Ok, this is a confusing title. Both “regression” and “testing” have a formal definition in statistics. And “regression testing” is a software engineering term for making sure that changes to your code did not introduce any unwanted change in its behavior.
As data scientists, we engage in regression testing all the time. Suppose I estimated that, in Hungarian manufacturing firms between 1992 and 2014, foreign managers improve firm productivity by 15 percent relative to domestic managers. Then the vendor sends an additional year’s worth of data. The first thing I want to check is how my estimate changes. Or we come up with a new algorithm to disambiguate manager names. How do the results change?
Given a statistical estimator (remember, everything is a function)
estimate = function(data)
we often play around with different samples, data cleaning methods, feature engineering and statistical algorithms to see how our estimates change. We prefer robust findings to those that are very sensitive to small changes in our methods.
Some of this testing is formal, some of it is informal. Every course on statistics tells you how to calculate standard errors, confidence intervals, and how to conduct hypothesis tests. All of these test for one source of sensitivity in our analysis: random variation in sampling.
Suppose I conduct my study on a sample of 1,000 managers. My estimated performance premium of foreign managers is 15.0 percent, but it may be 14.8 percent in another sample of 1,000. Or 16.1 percent in yet another sample. Standard errors (say, ±1.5 percent) and confidence intervals (say, 12.1–17.9 percent) tell me how my estimate is going to vary in different samples drawn at random. (The fact that we can calculate this from only one sample is the smartest trick of frequentist statistics. “The Lady Tasting Tea” gives a great overview of the history of statistical thought.)
But sampling variation is something we rarely worry about in most applications. In fact, my manager study uses data on the universe of about 3 million Hungarian managers. I am more worried about robustness to different data cleaning procedures, different statistical methods. So, as everyone else, I engage in various ad-hoc robustness tests.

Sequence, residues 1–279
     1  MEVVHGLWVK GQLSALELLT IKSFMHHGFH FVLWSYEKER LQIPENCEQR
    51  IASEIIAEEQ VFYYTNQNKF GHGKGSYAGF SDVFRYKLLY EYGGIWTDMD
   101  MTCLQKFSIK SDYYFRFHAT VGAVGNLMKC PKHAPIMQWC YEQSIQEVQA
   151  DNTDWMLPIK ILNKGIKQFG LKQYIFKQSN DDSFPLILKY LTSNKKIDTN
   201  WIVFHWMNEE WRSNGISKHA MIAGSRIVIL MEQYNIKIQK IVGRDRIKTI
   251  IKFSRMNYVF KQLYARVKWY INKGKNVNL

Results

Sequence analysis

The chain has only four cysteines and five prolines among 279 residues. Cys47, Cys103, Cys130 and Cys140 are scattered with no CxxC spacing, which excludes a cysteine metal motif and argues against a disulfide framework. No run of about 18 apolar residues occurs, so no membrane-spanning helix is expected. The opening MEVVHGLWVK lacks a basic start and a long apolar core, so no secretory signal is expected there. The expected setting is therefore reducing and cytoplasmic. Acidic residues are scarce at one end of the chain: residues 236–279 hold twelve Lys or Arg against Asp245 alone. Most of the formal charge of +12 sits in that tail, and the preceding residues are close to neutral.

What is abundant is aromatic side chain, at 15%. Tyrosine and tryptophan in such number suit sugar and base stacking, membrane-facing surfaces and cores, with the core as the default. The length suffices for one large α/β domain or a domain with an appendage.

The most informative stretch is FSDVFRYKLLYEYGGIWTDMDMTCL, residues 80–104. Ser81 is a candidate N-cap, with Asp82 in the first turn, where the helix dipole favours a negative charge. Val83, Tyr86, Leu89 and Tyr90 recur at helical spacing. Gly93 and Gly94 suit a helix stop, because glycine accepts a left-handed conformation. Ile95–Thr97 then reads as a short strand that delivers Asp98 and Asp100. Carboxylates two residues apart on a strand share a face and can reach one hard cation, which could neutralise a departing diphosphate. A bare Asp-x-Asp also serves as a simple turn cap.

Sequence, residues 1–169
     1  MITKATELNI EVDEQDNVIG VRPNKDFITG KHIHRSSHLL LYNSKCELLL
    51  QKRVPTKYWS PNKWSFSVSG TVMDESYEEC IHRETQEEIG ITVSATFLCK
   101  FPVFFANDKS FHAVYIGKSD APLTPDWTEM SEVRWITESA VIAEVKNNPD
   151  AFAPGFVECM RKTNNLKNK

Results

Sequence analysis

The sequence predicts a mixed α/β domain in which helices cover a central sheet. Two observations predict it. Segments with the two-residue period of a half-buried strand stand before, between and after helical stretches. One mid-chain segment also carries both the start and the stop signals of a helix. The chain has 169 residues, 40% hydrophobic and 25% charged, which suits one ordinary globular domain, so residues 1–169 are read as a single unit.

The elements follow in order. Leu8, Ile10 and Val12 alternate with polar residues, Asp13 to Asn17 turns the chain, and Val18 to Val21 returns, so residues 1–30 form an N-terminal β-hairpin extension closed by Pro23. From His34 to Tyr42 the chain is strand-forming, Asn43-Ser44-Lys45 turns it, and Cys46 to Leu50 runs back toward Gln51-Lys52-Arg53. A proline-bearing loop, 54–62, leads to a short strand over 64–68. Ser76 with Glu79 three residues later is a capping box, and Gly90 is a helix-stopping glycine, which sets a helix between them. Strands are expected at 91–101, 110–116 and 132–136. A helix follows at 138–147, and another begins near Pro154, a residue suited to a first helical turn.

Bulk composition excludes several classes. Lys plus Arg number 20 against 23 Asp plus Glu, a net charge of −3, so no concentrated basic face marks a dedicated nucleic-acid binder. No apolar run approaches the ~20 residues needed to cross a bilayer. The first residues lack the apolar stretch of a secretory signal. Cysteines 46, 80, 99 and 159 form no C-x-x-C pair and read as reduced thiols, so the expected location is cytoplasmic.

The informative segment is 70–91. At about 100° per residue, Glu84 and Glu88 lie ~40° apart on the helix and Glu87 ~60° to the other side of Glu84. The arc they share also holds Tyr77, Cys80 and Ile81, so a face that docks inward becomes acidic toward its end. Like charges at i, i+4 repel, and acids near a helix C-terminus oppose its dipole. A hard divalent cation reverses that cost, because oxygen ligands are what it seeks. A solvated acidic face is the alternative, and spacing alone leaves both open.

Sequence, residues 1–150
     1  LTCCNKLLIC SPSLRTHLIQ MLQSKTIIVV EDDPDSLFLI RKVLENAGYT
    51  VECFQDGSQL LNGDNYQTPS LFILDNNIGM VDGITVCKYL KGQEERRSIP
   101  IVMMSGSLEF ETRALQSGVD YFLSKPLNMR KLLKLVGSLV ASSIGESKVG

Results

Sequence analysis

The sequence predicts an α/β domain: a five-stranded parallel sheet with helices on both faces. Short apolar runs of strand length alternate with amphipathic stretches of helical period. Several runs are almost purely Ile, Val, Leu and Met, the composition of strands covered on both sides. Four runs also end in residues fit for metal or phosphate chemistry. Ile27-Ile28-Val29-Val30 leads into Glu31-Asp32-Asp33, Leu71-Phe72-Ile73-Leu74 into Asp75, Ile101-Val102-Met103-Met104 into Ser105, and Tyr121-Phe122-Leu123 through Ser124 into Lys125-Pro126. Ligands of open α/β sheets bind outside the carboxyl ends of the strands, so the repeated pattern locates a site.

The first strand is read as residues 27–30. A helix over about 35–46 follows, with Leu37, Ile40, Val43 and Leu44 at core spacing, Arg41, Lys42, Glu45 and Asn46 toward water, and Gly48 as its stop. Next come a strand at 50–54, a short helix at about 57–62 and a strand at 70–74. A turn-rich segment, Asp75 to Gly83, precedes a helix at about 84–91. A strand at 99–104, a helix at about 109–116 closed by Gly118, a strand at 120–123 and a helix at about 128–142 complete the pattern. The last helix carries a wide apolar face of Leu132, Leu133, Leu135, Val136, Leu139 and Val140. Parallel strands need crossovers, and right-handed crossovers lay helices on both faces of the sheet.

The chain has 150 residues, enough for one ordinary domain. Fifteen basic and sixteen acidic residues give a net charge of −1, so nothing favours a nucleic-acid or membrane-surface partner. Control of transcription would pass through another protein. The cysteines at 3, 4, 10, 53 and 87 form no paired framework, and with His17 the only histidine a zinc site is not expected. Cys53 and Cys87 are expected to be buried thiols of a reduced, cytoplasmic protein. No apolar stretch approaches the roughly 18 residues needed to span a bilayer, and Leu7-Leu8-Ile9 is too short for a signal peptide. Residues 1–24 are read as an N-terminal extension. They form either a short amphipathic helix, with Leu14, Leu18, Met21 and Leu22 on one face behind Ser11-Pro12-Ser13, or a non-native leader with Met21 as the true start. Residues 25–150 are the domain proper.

At the very least, we should document every step we did. I sometimes create new branches in my git repo with names like
experiment/narrow-sample. These are often just a couple of commits in which I learn how my results would change if I used a narrower sample definition, for example. Then I go back to my
master branch, leaving these short branches dangling. I leave a record of my tests, but I am not sure this is a proper use git branching.
We can also automate some of these tests. Cross validation in machine learning is one example of such automated testing. We can add various assertions in simple unit tests. For example, if two Stata commands can be used to estimate the same model, I can
assert e(rmse) == old_mse
when I switch to the new command. This would check if the residual mean squared error is the same in two estimators. It is very unlikely (though not impossible) to hit the exact same MSE unless the regressions performed are the same.
But what do I do if I expect some changes, just not much? What if my point estimates are similar, but my standard errors have blown up? (An applied microeconomist’s nightmare.)
I think there is a strong need for formal characterizations of statistical estimates (a kind of “grammar of statistics”) and a framework to compare them, like so:
assert estimate1.coefficient.similar(estimate2.coefficient) assert estimate1.coefficient.significant() == estimate2.coefficient.significant()
What values should we test for? Point estimates, standard errors? p-values? How should we compare them? I realize I gave more questions than answers, but I feel strongly that this is something applied statistics (aka data science) can improve on.